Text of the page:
How FMCG can prepare for the “next normal"

During and after the Coronoa crisis Illustration photo: Fokussiert/Dreamstime
Manufacturers of FMCG - fast moving consumer-goods - need to prepare for "the next normal": the world after the coronavirus crisis. Illustration photo: Fokussiert/Dreamstime
By Reidar Molthe

22 April 2020 13:22

How FMCG can prepare for the “next normal"

As the coronavirus pandemic spreads across the globe, threatening both lives and livelihoods, fast moving consumer-goods manufacturers continue to play an important role: producing essential items we all rely on for our health and well-being.

At the same time, forward-thinking companies have begun to think about the “next normal”—what the world may look like after strong virus-control measures are lifted.

The measures in place are expected to lead to the largest quarterly decline in economic activity since World War II. An unprecedented 40 to 50 percent decline in discretionary spending will translate to a roughly 8 to 13 percent drop in GDP (gross domestic product).

While many companies have withstood the initial economic shock, all will need to prepare for the longer-lasting effects, including an erosion in consumer confidence that will drive recessionary behaviour, concludes McKinsey & Company, a global and reputable consultancy.

McKinsey describe five trends in the consumer and retail landscape that have emerged during the crisis and that will persist in the aftermath.

The questions many are now facing include: What will the next normal look like? And how long will the intervening period of partial restrictions last?

It is increasingly clear that the intervening period will be lengthy. Consumers and retailers will need to adjust to ongoing physical distancing and travel restrictions. Outlets and venues where physical distancing cannot be achieved will be among the last to reopen.

A seismic shift in digital engagement

Physical-distancing rules have increased consumption of online media and significantly accelerated e-commerce, particularly in markets that already had a head start.

In the United Kingdom, for example, where on line’s share of grocery shopping was 7 percent before the crisis, grocers are furiously increasing capacity to meet demand: the three largest grocers have added more than 500,000 new delivery slots—an increase of more than 30 percent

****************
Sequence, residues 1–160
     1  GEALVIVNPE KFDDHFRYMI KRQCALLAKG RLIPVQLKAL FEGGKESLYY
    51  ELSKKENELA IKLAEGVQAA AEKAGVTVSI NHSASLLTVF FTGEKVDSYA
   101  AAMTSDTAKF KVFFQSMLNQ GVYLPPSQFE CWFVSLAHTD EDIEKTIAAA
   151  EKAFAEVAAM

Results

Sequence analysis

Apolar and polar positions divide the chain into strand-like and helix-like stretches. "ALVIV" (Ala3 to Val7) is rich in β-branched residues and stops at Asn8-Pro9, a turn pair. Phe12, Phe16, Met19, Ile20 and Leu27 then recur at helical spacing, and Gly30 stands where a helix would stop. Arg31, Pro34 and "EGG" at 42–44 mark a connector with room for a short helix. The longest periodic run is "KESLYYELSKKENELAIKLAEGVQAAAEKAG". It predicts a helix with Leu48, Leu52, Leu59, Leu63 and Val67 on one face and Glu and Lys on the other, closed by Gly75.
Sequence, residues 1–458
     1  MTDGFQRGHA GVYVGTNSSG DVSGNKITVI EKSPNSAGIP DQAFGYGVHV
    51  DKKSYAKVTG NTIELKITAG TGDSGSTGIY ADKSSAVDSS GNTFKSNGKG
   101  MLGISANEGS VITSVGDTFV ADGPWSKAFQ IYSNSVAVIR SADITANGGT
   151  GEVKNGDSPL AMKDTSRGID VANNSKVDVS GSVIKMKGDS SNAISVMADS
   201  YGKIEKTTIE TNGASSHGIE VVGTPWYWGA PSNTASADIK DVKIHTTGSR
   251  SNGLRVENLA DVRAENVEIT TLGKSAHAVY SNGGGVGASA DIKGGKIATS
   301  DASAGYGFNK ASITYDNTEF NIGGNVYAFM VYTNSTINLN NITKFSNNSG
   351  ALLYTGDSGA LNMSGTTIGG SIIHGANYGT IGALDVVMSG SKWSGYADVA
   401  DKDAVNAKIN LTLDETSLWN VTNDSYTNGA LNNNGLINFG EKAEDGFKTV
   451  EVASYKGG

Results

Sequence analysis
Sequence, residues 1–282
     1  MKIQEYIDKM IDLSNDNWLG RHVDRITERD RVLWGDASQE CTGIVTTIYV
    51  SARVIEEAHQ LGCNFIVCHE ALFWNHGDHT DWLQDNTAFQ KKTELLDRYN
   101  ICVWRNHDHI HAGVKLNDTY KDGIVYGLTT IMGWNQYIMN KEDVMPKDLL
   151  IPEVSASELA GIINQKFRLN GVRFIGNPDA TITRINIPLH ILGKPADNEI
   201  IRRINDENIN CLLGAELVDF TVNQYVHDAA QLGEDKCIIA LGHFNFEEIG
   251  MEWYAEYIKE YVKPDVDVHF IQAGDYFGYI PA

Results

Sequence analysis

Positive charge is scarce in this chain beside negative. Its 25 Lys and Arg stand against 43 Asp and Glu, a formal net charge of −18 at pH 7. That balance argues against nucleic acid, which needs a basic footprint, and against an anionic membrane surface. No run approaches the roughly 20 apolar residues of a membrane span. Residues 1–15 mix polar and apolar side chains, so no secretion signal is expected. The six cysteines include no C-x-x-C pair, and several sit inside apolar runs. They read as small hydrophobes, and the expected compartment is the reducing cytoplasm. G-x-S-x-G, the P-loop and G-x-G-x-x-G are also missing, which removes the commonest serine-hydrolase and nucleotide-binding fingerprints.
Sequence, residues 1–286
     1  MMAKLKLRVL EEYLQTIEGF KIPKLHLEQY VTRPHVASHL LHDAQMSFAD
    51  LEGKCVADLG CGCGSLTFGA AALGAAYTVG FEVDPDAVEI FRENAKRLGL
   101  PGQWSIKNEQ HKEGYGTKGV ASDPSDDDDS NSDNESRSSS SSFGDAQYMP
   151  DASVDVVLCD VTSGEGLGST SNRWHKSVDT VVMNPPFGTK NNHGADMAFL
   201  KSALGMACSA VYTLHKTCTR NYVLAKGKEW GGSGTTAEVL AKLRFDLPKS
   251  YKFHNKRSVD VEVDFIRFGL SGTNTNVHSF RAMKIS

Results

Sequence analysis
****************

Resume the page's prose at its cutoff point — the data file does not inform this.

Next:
McKinsey expect this channel shift to endure to some extent, especially in countries where retailers had enough pre-existing capability to offer a positive online experience.

Early lessons from China suggest that three to six percentage points of online market share will be “sticky,” driven by older generations newly comfortable with digital channels and by new consumer segments who have overcome barriers to trial.

Also, in the medium term, McKinsey expect shoppers to prefer the “safe” experience of shopping online to the prospect of shopping in crowded stores.

Rise in attention to wellness and hygiene

The wellness trend has endured — and even gained strength — during the outbreak.

“Healthy eating” has remained the highest priority of food shoppers across Europe. Consumers are also investing in at-home exercise: in Germany and the United Kingdom, Amazon’s fitness-equipment sales has spiked.

McKinsey expect this upward trajectory to continue into the next normal. Hygiene will become a core element of wellness.

The speed of the virus’s spread has highlighted the level of connectedness in society—and the associated risk. Brands should consider the implications for their strategy and communications (for instance, reassessing manufacturing processes and packaging, as well as emphasizing health and cleanliness in marketing messages).